Unless you are ready to dive in headfirst and commit to the whole, professional paintball garb, you won’t need to buy all of these items right away or ever. Your gear supply needs will depend on your interest in the sport, the frequency at which you play, your aspirations for future outings, and the level of competition you play at.

Important Safety Precautions

In the interest of all participants, it’s crucial for every single person playing the game to have a clear understanding of the precautions that each respective paintball park enforces. Every park may be slightly different, but there are a few basic things to keep in mind that can prevent unnecessary injury:

  • Make sure that every player is present for the briefing that precedes your group’s paintball session. This will ensure that everyone knows what’s going on, gains familiarity with the expectations, etc.
  • Ensure that every player participating is adequately and safely outfitted, as confirmed by your park guide or referee.
  • Establish an open, respectable line of communication with the referee and park owner before getting started. This will ensure that everyone feels comfortable in this new environment.
  • Remember that carrying a gun (even though it is only loaded with biodegradable paintballs) can feel like a huge task for some. Be mindful of that.
  • When hit, walk off of the playing ground with your arms elevated and the gun in the air. This way, you are clearly designating yourself “out.”
  • When other players are “out,” no shots are to be fired at them as they exit.
  • Keep your mask on at all times. If, at any point, you feel the need to remove it or expose yourself to potentially getting shot in the face, consult your referee and make sure he is aware.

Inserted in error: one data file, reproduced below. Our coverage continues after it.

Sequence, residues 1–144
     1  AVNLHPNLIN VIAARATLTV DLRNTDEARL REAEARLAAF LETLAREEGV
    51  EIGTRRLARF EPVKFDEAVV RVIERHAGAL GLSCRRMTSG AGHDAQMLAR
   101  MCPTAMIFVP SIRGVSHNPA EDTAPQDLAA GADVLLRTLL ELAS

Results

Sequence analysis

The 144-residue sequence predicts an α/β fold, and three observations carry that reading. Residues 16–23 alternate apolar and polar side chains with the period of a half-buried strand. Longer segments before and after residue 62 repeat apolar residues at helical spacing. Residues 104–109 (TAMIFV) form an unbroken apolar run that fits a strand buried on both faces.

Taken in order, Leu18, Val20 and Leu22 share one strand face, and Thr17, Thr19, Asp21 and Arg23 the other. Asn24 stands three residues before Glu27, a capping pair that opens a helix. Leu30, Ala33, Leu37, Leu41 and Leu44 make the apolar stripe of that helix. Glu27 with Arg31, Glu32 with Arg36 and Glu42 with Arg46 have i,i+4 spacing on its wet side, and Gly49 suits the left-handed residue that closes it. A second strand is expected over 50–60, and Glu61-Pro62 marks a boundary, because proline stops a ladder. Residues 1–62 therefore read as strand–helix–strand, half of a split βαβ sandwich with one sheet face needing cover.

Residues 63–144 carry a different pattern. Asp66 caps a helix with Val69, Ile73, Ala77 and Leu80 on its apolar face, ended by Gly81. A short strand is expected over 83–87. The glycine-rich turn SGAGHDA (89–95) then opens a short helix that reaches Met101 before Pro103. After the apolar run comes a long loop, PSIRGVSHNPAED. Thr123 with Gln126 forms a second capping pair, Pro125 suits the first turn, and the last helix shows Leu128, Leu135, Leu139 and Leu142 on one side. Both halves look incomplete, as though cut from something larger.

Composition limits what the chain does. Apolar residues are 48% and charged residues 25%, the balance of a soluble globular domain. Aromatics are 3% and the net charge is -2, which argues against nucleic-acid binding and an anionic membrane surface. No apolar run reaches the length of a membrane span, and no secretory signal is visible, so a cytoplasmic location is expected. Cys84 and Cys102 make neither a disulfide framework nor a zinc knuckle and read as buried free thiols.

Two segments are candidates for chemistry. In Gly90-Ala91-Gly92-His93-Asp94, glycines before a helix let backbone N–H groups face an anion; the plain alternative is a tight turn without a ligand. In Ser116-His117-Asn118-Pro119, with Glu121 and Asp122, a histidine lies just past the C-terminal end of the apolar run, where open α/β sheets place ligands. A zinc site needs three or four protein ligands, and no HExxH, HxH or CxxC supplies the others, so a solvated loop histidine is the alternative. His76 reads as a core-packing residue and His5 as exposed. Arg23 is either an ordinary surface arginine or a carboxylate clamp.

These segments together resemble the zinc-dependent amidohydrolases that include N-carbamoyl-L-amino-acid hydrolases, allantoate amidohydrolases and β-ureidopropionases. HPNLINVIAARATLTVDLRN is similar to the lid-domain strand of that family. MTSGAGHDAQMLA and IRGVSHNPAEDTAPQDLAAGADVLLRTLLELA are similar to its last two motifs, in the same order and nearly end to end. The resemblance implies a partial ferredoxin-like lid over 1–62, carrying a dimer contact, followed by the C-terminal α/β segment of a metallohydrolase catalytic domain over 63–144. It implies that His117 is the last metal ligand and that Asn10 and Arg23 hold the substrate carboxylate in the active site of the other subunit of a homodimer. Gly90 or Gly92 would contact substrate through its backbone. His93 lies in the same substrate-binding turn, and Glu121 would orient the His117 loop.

• Never shoot at someone point-blank (closer than about 10 feet). Sometimes it counts if you yell at the other player indicating you hit him. Discuss this with the referee prior to the start.
  • Don’t be inconsiderate & remember that paintball is a team sport. It’s not every man for himself.
  • Play fairly & don’t cheat. If you get hit, resist the urge to wipe off the paint and act like your opponent missed. If you are unsure that you’ve been hit, you can yell “paint check,” and a referee will tend to you.

Does It Hurt to Get Hit?

The series of questions surrounding the possibility of injury while playing paintball is one of the most common curiosities for those that are new to paintball. Just like with any sport, there is some risk of injury. However, that risk level can be significantly diminished if you abide by the rules, adhere to the guidelines provided by the facility you’re playing at, and exercise caution when using a semi-high powered paintball gun.

If you were to be in close proximity to the shooter (less than 10 feet or so), the impact of the paintball will definitely leave a mark and likely break the skin. Improper, close proximity shooting is dangerous and not advised. These shots can cause blood-shed, injury to sensitive areas, bruising, and lesions.

You should be particularly aware of pointing your paintball gun at someone’s head. Though your opponent will be wearing goggles, you do not want to risk the paintball making contact with an eye-socket, ear, nose, etc. Those areas can be easily injured in a severe way with a high-speed paintball.

Even though the worst-case scenario sounds daunting, don’t be deterred by thinking that this is not the activity for you. Such injuries are highly unlikely if you are playing by the rules.

Paintball is a game of long shots, and when played as designed, you would never be in close proximity when shot. Balls that are fired as instructed (around 80-100 feet) are likely to feel like a thud or an exact impact on your body. But, it’s not considered to be painful, just noticeable. If you’re still wary, feel free to further familiarize yourself with online videos and anecdotal advice from paintball experts.

If you want to read more, check this article.

How to Minimize Injury

As a collective group, it’s vital for everyone to adhere to the proper set of rules & guidelines to make sure the game runs smoothly. If there are any outliers that have their own agenda, that’s often when mistakes are made, and injuries happen. There are a few pointers to keep in mind that will ensure that the game runs smoothly and injury-free:

  • Surrender rule: if any participant puts their arms in the air, making their hands and paintball gun seen, they are not to be shot by the opponents and are rendered surrendered.